Hahahah oh well. At least you both can have a giggle over your Mom convincing you to eat your vegetables 🙂

        Liked by 1 person

      13. The 3 of us certainly do. My father loathes brussel sprouts and refuses to eat them. Even if we call them cabbage patches. He tells us that cabbage patch dolls were ugly and he already has three ugly daughters, why would he eat something gross to have more. He really doesn’t like them lol. My ex thinks they taste like “farts made solid.”

        I have found that there is a distinct gender discrepancy regarding them specifically. Not all women like them, but almost all of the people that do like them are women. I’ve met one man that likes them. The rest hate them. Some will eat them because they have to (someone made them), but they would prefer if it were glass 😂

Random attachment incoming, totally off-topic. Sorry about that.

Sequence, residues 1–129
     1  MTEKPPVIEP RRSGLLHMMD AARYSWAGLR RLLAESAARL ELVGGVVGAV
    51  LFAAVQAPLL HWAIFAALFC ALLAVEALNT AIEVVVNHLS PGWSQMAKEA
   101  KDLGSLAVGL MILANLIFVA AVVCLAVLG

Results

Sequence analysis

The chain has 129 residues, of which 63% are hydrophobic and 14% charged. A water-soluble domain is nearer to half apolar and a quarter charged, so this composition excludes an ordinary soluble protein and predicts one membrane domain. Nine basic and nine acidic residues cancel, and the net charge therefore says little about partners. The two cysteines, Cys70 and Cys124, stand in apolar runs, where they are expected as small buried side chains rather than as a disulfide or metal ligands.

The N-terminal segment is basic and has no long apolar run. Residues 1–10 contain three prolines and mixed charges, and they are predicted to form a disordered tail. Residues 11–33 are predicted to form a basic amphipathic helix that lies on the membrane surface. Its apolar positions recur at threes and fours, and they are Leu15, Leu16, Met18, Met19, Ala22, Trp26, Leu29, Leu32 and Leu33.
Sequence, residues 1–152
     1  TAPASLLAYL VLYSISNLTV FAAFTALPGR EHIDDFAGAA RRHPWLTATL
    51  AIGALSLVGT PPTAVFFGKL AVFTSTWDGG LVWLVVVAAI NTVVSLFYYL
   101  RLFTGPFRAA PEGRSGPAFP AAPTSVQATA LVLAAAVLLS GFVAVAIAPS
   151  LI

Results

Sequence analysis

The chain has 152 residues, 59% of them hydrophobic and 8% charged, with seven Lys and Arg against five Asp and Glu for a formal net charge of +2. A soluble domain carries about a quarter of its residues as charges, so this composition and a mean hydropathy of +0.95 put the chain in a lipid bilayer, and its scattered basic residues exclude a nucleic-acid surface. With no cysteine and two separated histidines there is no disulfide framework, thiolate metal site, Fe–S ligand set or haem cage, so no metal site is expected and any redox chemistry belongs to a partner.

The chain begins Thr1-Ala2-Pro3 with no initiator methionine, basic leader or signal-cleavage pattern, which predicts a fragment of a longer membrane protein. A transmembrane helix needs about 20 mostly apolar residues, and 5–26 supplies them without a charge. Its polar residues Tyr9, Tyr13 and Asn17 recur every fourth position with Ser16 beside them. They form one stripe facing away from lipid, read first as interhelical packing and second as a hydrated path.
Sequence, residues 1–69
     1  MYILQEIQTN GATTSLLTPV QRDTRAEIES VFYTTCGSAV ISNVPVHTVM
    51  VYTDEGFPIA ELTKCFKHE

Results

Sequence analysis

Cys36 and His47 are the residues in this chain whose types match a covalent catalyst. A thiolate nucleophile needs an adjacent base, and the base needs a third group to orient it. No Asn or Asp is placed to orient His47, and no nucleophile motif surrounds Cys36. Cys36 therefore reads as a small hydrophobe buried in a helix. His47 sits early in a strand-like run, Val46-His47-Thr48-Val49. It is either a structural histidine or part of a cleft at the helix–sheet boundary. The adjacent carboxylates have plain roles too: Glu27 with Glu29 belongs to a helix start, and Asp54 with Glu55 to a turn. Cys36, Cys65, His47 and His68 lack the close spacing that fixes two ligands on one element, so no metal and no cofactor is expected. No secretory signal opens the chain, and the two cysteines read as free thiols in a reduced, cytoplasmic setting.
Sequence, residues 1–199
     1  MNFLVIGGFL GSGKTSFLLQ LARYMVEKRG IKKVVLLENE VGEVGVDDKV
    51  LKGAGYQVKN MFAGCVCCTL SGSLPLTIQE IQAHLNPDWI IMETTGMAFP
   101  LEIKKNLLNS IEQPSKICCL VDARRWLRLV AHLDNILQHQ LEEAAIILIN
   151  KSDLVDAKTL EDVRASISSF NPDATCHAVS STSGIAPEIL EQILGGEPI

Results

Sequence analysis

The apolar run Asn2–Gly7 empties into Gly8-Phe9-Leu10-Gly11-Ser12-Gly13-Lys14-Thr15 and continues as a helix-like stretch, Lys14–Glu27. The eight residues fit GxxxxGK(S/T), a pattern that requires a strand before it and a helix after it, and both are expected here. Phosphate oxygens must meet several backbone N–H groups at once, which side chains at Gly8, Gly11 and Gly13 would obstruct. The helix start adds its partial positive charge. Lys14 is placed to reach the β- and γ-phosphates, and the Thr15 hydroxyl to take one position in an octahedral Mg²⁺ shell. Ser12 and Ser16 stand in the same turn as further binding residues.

If you have any connection with your brother at all, maybe you could write up the story of the Germs, and send him a copy. Expect nothing, but send it along anyway. He might appreciate it, he might not. But you’ll have it too

        Liked by 1 person

  2. This made my day, thanks for sharing. I love discovering people 😁. I am grateful that both of my parents lent their acting talent to some short films I made so if i needed to remember a voice I can. Memories are vague these days with Mom being gone 21 years and Dad 5 years (but there was decades of him causing emotionsl abuse)

    Liked by 2 people

    1. Hi there Matt, thank you for writing to me, I love hearing from you. How fortunate that you have videos of your parents so you can “visit” when you need a reminder of them and get to hear their voices. My Mom took a lot of little 1-2 minute clips of my Dad on her Facebook so I visit Dad regularly to hear his laugh and gruff voice.